What's Working in STEM Education in Arkansas shares eight inspiring examples of how educators have successfully prepared Arkansas students to master the skills they need to become innovative leaders in STEM fields. Together, they show what success looks like in the areas of in-school instruction, out-of-school programs, professional development, and the transition from high school to college and career. Here is What Works:

Arkansas School for Mathematics, Science, and the Arts (ASMSA) – Residential High School Instruction 


This public residential high school located in Hot Springs, Arkansas, is designed for gifted students with an interest in science and mathematics. One of only 16 residential science and math high schools in the country, ASMSA has long served as an instructional model for many STEM schools and programs in the state.

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FIRST® Robotics – Out-of-School Instruction


A widely popular out-of-school program, FIRST® Robotics inspires youth ages 6 to 18 to learn and apply STEM principles through the fun of robotics as well as friendly competition. 

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STEM Centers – Teacher Preparation


Composed of university-based STEM Centers, this Arkansas network serves as a valuable training resource for math and science teachers at the elementary and secondary level. Each STEM Center features a specialist and offers ongoing professional development to teachers so they can effectively deliver engaging STEM-related instruction.

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University of Arkansas at Pine Bluff STEM Scholars Academy – Post-Secondary STEM 


The University of Arkansas at Pine Bluff, a historically black college, has become one of the region’s leading STEM institutions. Its STEM Scholars Academy is helping expand the number of Arkansas students with STEM degrees and certificates, particularly for women and students of color. 

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Environmental and Spatial Technology (EAST) 
In-School Learning Laboratories


The Environmental and Spatial Technology (EAST) Initiative, a school-within-a-school STEM program, began as one classroom in Greenbrier, Arkansas, in 1996. More than 20 years later, EAST now serves 220 schools in five states. EAST students work in teams and use technology, creativity, and the STEM-based knowledge they acquire to solve problems they see in their communities. 

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New Tech Network – Classroom 2.0


Active in 150 schools across 26 states, the New Tech Network is a national nonprofit school development organization that began working with a pilot group of Arkansas school districts in 2012. New Tech schools emphasize project-based, hands-on learning and teaching 21st century skills. Personal computers and other technology also play a prominent role in the New Tech classroom. 

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UTeach – Building a STEM-Teacher Pipeline


A national teacher recruitment and training program, Arkansas has implemented UTeach to strengthen the STEM pipeline at the college level and improve the quality of K–12 STEM education. Three Arkansas universities are recruiting incoming freshmen and offering them attractive incentives like early field experiences and the opportunity to study under veteran master teachers.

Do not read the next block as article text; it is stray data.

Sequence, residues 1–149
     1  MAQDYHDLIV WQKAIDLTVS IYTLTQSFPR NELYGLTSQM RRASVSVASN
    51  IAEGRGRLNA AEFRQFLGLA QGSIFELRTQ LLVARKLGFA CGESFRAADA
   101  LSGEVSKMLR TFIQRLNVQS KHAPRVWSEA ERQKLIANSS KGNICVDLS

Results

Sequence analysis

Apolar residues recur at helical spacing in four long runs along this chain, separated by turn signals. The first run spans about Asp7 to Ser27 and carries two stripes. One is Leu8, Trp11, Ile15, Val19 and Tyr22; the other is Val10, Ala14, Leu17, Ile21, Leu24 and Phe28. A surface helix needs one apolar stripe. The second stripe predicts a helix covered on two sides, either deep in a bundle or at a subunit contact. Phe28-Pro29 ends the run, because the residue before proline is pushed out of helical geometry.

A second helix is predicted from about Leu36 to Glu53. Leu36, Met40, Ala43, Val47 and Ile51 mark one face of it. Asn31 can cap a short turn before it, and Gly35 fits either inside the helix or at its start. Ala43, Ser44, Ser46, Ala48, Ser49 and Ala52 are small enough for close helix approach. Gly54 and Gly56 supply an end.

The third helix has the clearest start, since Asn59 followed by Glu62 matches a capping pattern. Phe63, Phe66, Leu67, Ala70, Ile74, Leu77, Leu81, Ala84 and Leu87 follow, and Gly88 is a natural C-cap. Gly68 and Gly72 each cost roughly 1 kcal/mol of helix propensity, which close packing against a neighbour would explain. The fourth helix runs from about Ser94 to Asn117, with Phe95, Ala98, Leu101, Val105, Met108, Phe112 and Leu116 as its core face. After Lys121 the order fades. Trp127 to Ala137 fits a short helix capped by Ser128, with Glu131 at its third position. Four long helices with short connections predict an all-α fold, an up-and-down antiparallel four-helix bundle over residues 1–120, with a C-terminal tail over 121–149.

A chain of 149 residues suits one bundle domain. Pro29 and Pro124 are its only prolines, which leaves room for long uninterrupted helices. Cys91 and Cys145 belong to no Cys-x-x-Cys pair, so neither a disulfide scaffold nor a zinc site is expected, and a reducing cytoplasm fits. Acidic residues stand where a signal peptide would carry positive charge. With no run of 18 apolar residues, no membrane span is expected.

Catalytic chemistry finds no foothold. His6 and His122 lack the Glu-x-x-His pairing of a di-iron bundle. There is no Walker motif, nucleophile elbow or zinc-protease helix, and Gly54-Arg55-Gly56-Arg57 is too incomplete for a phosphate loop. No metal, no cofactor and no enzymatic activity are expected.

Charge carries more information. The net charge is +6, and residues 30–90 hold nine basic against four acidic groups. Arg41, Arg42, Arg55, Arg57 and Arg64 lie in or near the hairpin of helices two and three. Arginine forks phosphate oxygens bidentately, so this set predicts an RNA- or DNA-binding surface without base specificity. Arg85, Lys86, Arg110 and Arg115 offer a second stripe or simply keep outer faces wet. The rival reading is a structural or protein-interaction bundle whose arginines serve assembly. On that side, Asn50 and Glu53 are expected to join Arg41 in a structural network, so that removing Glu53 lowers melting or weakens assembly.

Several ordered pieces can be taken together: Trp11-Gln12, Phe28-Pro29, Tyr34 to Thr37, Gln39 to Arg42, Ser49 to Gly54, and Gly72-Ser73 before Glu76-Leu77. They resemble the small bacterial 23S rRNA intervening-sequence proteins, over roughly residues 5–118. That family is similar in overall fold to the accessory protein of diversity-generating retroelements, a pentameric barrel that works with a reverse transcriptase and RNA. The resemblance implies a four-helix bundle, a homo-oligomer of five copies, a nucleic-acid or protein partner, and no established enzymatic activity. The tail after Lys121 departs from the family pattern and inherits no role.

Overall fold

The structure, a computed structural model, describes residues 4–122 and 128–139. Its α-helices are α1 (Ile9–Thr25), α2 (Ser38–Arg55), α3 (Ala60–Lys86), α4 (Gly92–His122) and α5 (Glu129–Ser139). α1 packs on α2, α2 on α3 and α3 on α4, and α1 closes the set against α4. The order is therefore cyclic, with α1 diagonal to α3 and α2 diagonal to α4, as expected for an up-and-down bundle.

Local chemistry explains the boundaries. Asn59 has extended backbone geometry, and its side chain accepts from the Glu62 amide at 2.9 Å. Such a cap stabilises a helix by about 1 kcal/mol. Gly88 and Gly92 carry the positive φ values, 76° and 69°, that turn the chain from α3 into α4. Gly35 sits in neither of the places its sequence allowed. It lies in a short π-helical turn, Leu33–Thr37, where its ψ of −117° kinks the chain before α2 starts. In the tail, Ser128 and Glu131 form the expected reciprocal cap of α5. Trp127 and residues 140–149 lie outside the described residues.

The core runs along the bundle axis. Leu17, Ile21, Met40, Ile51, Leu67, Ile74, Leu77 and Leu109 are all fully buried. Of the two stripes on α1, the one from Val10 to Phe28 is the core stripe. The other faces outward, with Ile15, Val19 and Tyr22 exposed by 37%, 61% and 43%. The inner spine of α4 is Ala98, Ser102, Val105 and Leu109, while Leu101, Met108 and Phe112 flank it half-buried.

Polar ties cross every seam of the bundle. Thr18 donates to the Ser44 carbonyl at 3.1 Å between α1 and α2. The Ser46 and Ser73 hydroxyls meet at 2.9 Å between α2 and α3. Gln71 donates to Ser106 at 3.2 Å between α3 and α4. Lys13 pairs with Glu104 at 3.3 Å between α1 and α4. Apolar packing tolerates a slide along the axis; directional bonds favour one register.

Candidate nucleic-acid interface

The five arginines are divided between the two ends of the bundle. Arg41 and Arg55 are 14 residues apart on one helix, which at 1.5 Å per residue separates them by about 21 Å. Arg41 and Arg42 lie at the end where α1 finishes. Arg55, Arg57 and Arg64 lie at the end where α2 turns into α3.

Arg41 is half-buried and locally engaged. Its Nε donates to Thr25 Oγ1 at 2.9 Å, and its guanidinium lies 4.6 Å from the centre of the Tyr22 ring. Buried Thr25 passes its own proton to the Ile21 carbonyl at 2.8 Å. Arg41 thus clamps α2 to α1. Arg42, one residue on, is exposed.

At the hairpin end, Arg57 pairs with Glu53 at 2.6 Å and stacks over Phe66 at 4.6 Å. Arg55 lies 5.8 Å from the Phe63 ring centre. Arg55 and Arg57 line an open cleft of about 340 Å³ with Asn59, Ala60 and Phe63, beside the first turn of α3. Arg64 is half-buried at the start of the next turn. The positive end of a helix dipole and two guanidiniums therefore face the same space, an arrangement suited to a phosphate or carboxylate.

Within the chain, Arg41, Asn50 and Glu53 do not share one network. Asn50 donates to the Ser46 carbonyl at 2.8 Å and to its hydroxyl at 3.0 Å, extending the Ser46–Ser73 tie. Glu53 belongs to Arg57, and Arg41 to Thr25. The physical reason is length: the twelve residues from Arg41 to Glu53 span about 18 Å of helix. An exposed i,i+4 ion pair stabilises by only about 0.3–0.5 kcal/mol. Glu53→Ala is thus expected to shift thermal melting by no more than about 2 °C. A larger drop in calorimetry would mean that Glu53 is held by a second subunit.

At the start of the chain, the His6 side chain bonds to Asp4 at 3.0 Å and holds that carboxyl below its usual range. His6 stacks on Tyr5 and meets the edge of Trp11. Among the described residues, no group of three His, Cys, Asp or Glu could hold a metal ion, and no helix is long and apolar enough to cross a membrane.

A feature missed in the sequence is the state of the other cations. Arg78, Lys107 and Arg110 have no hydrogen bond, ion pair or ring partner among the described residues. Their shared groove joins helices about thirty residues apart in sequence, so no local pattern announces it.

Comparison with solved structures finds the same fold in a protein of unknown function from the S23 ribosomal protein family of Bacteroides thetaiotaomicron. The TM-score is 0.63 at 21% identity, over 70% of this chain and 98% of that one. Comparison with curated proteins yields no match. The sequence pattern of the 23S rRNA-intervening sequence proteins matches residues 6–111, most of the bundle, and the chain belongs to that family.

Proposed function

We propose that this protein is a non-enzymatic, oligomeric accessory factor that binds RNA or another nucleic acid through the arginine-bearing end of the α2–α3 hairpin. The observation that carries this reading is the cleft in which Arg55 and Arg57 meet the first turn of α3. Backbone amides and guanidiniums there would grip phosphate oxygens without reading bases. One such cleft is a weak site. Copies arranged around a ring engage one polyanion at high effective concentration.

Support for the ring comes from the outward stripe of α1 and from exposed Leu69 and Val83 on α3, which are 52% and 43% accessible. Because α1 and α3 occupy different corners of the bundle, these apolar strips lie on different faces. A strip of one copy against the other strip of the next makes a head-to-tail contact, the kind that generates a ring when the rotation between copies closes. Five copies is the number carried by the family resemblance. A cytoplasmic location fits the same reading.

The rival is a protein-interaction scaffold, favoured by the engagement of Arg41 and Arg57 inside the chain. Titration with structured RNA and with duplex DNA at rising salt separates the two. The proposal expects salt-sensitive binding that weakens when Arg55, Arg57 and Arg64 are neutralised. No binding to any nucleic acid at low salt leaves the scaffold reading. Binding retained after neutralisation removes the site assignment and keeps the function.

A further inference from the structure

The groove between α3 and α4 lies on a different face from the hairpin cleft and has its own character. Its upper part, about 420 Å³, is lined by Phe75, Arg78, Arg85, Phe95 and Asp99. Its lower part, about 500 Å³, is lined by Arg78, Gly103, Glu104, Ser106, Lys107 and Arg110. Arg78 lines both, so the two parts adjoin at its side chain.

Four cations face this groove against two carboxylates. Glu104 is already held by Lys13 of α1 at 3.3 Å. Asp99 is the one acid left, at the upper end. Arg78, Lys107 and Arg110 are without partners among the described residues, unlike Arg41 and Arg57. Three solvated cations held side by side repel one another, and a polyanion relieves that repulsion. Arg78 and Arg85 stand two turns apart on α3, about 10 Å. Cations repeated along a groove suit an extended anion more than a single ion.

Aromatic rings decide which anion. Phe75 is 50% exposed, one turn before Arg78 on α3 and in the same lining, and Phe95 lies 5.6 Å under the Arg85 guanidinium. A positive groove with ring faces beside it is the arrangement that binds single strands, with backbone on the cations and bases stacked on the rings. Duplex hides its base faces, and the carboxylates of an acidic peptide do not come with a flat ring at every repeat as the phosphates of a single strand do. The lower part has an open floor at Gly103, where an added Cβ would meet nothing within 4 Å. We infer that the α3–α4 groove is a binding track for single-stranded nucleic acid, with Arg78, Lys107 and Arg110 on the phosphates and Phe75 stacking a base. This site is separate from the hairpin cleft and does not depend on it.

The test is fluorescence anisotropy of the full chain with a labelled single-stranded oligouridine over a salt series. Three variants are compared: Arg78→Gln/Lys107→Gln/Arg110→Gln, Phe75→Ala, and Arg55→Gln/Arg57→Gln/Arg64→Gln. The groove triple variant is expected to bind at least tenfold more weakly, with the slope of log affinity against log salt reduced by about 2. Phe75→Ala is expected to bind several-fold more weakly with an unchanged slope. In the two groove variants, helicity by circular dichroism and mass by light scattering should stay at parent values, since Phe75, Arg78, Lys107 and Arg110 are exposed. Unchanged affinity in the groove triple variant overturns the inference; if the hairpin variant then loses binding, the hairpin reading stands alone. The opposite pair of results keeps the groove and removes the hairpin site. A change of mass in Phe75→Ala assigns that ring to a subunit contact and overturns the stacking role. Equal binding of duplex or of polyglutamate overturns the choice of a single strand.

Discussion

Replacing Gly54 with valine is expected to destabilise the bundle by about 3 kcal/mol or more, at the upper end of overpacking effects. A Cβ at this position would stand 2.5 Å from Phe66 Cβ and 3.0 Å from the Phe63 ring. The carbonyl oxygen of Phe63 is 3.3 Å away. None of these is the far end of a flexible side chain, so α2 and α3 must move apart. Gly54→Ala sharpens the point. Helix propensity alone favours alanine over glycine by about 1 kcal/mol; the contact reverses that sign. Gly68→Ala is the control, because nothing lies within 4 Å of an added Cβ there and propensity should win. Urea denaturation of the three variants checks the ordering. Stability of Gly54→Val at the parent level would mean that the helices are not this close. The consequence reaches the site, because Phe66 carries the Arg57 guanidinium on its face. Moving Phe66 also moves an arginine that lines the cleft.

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Project Lead the Way – Aligning Public School Education with Opportunities in STEM


Project Lead the Way (PLTW) is a national program that offers practical training to middle and high school students interested in engineering, biomedical sciences, and other STEM-related subjects. Active at 20 Arkansas sites, PLTW is putting students on track toward college degrees and technical certificates in STEM fields.

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These Bright Spots show how to implement rigorous, high-quality STEM instruction in communities throughout Arkansas to prepare every student to become innovative, qualified professionals. These Bright Spots teach us several lessons about how to provide students the exceptional education they deserve:

1. Provide relevant instruction

STEM instruction must be relevant and designed to connect personally with students and in ways that take them out of the classroom—figuratively and literally. Successful STEM programs challenge both teachers and students to identify real-world applications for what they're learning. 

2. Challenge students to tackle real problems

STEM-based programs and schools using this approach prefer facilitation over lectures. Teachers guide students to address real-world problems that can only be solved through self-initiative and creative application of STEM principles. Inquiry-based learning also prioritizes teamwork and the integration of modern technology as a part of the learning experience.

3. Support teachers through intensive training and responsive support

Successful STEM schools and programs depend on a high level of training and ongoing professional development for teachers. STEM-centered summer institutes and training sessions for teachers are crucial, as are the coaching and personal feedback that mentor networks provide teachers throughout the school year. 

What's Working in STEM Education in Arkansas shares models from how Arkansas educators have prepared students to become highly-qualified STEM professional that communities across the U.S. can learn from. We encourage you to call or visit each of these Bright Spots to learn more. Also, Arkansans are committed to continuous improvement by learning from other communities' and state's innovative approaches. Reach out to the Winthrop Rockefeller Foundation at programstaff@wrfound.org to share what's working in your community as well.